42. Jourard SM, Secord PF (1955) Body cathexis and the ideal female figure. J Abnorm Soc Psychol 50:243–246.CrossRefGoogle Scholar
  43. Kendell RE, Hall DJ, Hailey A, Babigan HM (1973) The epidemiology of anorexia nervosa. Psychol Med 3:200–203.PubMedCrossRefGoogle Scholar
  44. Kinsey AC, Pomeroy W, Martin C, Gebhart P (1953) Sexual behavior in the human female. Saunders, Philadelphia.Google Scholar
  45. Koff E, Rierden J, Silverstone E (1978) Changes in representation of body image as a function of menarcheal status. Dev Psychol 14:635–642.CrossRefGoogle Scholar
  46. Kurman L (1978) An analysis of messages concerning food, eating behaviors and ideal body image on prime-time American network television. Dissertation Abstracts, New York University, pp 244.Google Scholar
  47. Landy D, Sigall H (1974) Beauty is talent: Task evaluation as a function of the performer’s physical attractiveness. J Pers Soc Psychol 29:299–304.CrossRefGoogle Scholar
  48. Meermann R (1983) Experimental investigation of disturbances of body image estimation in anorexia nervosa patients and ballet and gymnastics pupils. Int J Eating Disord 2:91–100.CrossRefGoogle Scholar
  49. Nylander I (1971) The feeling of being fat and dieting in a school population: epidemiologic interview investigation. Acta Sociomedica Scand 3:17–26.Google Scholar
  50. Olmsted MP, Garner DM (1986) The significance of self-induced vomiting as a weight control technique in non-clinical samples. Int J Eating Disord 5:683–700.CrossRefGoogle Scholar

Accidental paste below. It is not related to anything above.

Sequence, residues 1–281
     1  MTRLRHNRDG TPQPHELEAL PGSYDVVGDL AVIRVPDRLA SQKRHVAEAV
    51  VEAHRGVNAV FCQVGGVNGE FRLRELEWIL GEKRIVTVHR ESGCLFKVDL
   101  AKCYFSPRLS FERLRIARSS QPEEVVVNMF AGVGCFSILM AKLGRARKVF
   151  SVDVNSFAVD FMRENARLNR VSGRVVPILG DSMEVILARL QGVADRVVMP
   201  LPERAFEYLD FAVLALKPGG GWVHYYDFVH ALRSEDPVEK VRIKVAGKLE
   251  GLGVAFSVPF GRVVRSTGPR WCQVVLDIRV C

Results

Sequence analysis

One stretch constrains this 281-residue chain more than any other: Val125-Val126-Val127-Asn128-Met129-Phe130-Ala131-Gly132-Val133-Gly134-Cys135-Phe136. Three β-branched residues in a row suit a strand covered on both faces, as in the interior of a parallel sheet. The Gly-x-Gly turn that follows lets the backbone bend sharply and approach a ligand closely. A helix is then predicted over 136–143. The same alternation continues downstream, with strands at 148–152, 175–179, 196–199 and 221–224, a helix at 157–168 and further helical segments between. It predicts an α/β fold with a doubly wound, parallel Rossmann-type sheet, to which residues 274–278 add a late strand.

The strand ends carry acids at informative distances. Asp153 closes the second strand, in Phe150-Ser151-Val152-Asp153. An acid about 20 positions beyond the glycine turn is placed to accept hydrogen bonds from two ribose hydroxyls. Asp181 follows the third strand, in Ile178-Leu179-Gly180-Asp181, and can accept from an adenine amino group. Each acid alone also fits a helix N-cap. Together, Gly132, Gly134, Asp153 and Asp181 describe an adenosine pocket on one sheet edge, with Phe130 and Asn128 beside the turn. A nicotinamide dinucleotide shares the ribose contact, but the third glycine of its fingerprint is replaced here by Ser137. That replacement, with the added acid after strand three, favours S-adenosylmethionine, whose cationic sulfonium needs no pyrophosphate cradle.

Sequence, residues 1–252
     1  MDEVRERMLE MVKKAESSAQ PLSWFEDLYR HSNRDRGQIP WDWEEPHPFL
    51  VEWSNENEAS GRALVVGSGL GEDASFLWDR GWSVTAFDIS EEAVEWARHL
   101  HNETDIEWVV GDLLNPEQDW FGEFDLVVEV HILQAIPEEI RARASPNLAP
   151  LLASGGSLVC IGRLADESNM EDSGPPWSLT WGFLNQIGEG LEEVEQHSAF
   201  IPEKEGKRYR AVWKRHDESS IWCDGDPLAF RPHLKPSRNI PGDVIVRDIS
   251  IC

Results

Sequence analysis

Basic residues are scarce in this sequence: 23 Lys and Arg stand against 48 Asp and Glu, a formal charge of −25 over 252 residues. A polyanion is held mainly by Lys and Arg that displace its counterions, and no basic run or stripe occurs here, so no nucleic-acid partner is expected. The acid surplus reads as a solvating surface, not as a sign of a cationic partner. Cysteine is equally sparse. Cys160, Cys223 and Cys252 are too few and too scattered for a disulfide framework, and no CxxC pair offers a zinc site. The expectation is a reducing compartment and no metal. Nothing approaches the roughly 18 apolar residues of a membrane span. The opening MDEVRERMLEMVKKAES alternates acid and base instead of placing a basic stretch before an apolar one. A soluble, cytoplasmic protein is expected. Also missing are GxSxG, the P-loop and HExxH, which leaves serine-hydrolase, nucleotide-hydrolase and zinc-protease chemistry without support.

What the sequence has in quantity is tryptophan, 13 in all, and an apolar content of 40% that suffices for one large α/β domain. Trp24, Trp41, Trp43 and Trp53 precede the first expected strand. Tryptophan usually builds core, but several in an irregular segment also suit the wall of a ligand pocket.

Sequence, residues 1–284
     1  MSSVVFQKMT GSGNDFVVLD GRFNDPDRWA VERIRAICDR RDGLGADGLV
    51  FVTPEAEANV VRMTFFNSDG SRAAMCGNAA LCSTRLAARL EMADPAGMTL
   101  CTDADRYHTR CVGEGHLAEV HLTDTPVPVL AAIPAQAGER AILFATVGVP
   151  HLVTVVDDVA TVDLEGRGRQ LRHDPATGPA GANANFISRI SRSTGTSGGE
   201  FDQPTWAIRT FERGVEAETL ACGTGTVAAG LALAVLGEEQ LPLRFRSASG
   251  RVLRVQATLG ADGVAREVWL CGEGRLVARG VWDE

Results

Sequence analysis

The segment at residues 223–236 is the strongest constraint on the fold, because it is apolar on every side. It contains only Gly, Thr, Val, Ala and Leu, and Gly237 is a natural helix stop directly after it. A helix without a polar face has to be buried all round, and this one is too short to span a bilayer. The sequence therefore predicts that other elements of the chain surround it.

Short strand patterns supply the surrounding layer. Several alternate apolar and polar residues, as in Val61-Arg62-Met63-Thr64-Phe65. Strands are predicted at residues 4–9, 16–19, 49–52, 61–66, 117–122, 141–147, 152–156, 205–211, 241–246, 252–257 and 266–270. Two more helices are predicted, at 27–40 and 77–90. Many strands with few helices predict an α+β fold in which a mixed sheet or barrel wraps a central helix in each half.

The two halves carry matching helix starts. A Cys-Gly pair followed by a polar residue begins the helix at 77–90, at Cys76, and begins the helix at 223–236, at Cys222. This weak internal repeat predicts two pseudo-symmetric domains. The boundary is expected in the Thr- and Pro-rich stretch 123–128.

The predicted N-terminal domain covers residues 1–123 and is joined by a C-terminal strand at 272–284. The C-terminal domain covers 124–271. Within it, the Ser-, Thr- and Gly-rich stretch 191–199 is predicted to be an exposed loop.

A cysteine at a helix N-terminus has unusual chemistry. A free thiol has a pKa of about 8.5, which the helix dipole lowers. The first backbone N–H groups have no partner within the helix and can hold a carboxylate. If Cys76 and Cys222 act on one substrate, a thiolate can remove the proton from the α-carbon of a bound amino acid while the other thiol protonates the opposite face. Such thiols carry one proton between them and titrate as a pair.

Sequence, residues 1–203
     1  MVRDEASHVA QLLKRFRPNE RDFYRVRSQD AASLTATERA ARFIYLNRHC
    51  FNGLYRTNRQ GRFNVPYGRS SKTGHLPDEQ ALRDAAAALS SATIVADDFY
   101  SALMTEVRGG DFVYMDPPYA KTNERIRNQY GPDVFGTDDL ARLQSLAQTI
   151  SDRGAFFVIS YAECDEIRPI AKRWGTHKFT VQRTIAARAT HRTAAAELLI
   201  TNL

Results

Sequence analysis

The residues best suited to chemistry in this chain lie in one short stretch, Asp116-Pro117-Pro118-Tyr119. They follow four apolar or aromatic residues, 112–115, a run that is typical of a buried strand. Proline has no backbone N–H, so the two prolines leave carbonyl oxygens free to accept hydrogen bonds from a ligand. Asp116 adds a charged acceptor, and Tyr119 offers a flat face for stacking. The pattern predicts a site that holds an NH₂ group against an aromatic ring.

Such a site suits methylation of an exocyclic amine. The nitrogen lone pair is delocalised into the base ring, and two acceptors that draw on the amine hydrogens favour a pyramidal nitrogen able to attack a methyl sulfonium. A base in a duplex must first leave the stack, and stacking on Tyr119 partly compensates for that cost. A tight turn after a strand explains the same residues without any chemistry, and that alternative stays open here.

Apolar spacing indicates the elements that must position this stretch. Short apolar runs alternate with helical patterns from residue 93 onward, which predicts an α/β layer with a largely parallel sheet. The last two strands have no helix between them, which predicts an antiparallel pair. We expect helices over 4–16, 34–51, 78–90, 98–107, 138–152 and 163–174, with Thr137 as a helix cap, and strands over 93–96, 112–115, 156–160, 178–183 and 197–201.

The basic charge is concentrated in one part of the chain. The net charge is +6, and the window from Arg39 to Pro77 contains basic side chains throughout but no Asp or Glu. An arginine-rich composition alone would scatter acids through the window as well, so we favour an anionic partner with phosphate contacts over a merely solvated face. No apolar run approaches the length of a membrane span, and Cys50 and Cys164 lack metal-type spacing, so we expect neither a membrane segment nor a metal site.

51. Pyle R, Mitchell JE, Eckert E, Halverson P, Neuman P, Goff G (1983) The incidence of bulimia in freshman college students. Int J Eating Disord 2:75–85.CrossRefGoogle Scholar
  52. Rierden J, Koff E (1980 a) The psychological impact of menarche: Integrative versus disruptive changes. J Youth Adolesc 9:49–58.CrossRefGoogle Scholar
  53. Rierden J, Koff E (1980 b) Representation of the female body by early and late adolescent girls. J Youth Adolesc 9:339–346.CrossRefGoogle Scholar
  54. Rudofsky B (1972) The unfashionable human body. Doubleday, New York.Google Scholar
  55. Russell GFM (1979) Bulimia nervosa: an ominous variant of anorexia nervosa? Psychol Med 9:429–448.PubMedCrossRefGoogle Scholar
  56. Russell GFM (1986) Bulimia revisited. Int J Eating Disord 4A:681–692.Google Scholar
  57. Ryle JA (1939) Discussion on anorexia nervosa. Proc R Soc Med 32:735–737.Google Scholar
  58. Schwartz RC, Barrett MJ, Saba G (1985) Family therapy for bulimia. In: Garner DM, Garfinkel PE (eds) Handbook of psychotherapy for anorexia nervosa and bulimia. Guilford, New York, 280–307.Google Scholar
  59. Selvini-Palazzoli M (1978) Self-starvation: from individual to family therapy in the treatment of anorexia nervosa. Jason Aronson, New York.Google Scholar
  60. Szmukler GI, Eisler I, Gillies C, Hayward ME (1985) The implications of anorexia nervosa in a ballet school. J Psychiatr Res 19:177–181.PubMedCrossRefGoogle Scholar
  61. Theander S (1970) Anorexia nervosa: A psychiatric investigation of 94 female patients. Acta Psychiatr Scand [Suppl] 214:1–194.Google Scholar
  62. Thompson MG, Schwartz DM (1982) Life adjustment of women with anorexia nervosa and anorexia-like behavior. Int J Eating Disord 1:47–60.CrossRefGoogle Scholar
  63. Vandereycken W, Meermann R (1984) Anorexia nervosa: Is prevention possible? Int J Psychiatry Med 14:191–205.CrossRefGoogle Scholar
  64. Wooley SC, Wooley OW (1980) Eating disorders: obesity and anorexia. In: Brodsky A, Hare-Mustin R (eds) Women and psychotherapy: an assessment of research and practice. Guilford, New York.Google Scholar

Copyright information

© Springer-Verlag Berlin Heidelberg 1991

Authors and Affiliations

  • D. M. Garner

There are no affiliations available

Personalised recommendations